A brutal year for global investors may get even worse if Congress proves yet again it is too bitterly divided to deliver on its promise to reduce the gaping U.S. budget deficit.
The congressional "super committee" created to slash $1.2 trillion in federal spending over 10 years was likely to concede failure in its efforts.
While a breakthrough could still happen before the committee's 23 Nov 2011’s midnight deadline, it was considered unlikely that the group could bridge deep partisan differences over taxes and spending.
While Moody's Investors Service has said a failure by the committee to reach an agreement would not by itself lead to a rating change, Fitch Ratings has not ruled out a "negative rating action" on the United States if the economy grows less than expected or if the super committee fails to agree on at least $1.2 trillion in deficit-reduction measures.
Such an action would most likely be a revision of the U.S. rating outlook to negative from its current stable position. When S&P’s downgraded the United States in August 2011, it said at the time that U.S. fiscal plans fell short of what was necessary to stabilize debt dynamics.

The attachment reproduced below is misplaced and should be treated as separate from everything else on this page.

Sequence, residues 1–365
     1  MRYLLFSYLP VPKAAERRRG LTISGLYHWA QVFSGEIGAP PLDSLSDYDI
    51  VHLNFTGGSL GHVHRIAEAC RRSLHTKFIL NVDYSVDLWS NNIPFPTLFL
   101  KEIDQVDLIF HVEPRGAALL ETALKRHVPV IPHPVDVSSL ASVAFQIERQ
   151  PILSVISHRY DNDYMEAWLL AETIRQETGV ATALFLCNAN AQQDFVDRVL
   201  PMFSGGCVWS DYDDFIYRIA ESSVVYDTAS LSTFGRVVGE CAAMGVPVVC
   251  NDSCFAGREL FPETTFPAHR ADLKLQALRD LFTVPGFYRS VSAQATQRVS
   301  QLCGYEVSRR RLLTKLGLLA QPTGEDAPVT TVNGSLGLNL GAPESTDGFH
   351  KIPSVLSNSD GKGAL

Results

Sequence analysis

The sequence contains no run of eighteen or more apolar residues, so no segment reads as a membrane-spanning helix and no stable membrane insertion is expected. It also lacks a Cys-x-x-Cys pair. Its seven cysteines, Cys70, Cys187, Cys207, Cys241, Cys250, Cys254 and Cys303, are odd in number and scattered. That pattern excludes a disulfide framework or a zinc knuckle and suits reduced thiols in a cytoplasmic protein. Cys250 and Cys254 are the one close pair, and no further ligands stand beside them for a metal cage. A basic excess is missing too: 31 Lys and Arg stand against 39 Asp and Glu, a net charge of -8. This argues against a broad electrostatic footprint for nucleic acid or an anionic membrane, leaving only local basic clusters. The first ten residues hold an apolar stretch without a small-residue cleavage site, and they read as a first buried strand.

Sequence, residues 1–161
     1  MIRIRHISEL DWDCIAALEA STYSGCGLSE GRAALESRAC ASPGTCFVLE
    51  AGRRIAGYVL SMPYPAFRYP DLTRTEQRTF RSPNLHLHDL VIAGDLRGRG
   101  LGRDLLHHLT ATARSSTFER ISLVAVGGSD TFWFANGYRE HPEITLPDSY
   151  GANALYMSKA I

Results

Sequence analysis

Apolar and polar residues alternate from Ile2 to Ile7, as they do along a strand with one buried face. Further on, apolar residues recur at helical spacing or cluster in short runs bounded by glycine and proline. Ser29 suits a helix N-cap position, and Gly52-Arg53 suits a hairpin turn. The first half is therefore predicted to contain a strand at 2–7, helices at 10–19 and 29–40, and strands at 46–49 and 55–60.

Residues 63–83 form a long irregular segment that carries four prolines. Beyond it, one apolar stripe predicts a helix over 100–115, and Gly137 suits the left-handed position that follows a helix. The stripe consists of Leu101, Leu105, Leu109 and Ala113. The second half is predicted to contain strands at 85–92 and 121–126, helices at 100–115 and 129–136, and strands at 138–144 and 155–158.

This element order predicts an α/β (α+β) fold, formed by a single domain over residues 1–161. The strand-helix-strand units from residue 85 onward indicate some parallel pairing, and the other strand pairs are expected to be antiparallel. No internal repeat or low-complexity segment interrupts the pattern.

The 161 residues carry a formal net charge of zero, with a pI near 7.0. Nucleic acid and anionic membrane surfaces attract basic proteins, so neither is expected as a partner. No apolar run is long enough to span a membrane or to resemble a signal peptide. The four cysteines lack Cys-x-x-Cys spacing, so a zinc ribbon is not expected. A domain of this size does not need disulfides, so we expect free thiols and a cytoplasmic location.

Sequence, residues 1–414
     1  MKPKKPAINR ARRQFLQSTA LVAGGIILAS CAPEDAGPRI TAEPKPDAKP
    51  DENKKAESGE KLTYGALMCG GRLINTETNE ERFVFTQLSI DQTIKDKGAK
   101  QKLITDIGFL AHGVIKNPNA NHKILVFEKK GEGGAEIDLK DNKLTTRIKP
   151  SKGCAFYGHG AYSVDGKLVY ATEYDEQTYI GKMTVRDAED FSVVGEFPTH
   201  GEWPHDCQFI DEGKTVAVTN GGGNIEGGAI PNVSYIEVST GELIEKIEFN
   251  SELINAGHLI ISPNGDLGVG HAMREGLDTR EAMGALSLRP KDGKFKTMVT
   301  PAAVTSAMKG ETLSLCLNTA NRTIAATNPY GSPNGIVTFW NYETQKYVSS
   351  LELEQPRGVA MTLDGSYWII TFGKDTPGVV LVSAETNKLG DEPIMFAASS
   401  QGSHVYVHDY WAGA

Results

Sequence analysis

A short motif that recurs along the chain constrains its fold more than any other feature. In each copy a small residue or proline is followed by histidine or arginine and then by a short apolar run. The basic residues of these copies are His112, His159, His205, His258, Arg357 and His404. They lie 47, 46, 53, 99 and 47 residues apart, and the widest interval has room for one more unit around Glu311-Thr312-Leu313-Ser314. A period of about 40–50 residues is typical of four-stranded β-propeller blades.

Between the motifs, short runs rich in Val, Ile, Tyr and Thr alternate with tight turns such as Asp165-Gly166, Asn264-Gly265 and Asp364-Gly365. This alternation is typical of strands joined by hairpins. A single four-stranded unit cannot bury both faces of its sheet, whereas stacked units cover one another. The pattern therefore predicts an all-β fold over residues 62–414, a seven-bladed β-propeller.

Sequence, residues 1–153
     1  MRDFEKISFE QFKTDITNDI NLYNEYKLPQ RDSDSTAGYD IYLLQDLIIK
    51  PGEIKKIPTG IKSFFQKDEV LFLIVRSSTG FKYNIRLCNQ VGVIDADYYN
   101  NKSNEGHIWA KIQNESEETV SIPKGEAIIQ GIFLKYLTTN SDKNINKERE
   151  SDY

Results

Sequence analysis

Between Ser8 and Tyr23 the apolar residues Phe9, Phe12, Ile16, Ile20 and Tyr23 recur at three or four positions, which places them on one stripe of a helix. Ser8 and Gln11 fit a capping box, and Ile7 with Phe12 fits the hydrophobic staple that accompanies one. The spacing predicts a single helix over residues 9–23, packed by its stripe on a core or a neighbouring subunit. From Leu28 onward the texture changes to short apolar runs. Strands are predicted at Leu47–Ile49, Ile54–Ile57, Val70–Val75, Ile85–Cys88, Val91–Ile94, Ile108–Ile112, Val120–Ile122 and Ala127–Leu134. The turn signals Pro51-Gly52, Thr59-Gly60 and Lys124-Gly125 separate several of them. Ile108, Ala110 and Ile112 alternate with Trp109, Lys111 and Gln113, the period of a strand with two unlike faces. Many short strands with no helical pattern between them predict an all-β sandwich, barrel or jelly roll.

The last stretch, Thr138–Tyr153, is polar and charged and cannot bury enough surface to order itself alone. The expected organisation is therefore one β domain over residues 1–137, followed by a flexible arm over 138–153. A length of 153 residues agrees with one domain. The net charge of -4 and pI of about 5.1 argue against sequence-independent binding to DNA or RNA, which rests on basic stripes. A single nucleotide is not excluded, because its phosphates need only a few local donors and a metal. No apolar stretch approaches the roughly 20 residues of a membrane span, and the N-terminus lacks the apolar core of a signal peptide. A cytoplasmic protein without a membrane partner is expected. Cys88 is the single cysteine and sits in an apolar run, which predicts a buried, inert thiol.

The biggest concern is not the cuts as such but the sense that Democrats and Republicans are simply unwilling or unable to compromise and make the tough decisions required to bring a deficit that's near 10 percent of gross domestic product under control.
Some investors do fear that deadlock may imperil White House efforts to extend a temporary payroll tax cut and jobless benefits for the long-term unemployed, and that would be another negative for growth at a time when the economy can least afford it.
While not expected, a deal to cut the full $1.2 trillion would probably provoke a relief rally in markets. Expectations are low after the debt ceiling debacle, but if they get to $1.2 trillion, it would instill some confidence in the political process.
Bond investors say deadlock probably won't hurt the bond market, either, since Europe 's problems should sustain a safe-haven bid for Treasuries.
And if stocks do wobble, another round of monetary easing from the Federal Reserve, which has toyed with the idea of pumping more money into the system by doing additional purchases of mortgage-backed debt, could help support asset prices.
In the long run, though, the parallels with Europe 's most troubled countries becomes more striking and harder to ignore. America is treading a path similar to the one that led Italy, Greece and others into trouble: borrowing money at low interest rates to boost short-term growth and swelling the debt burden.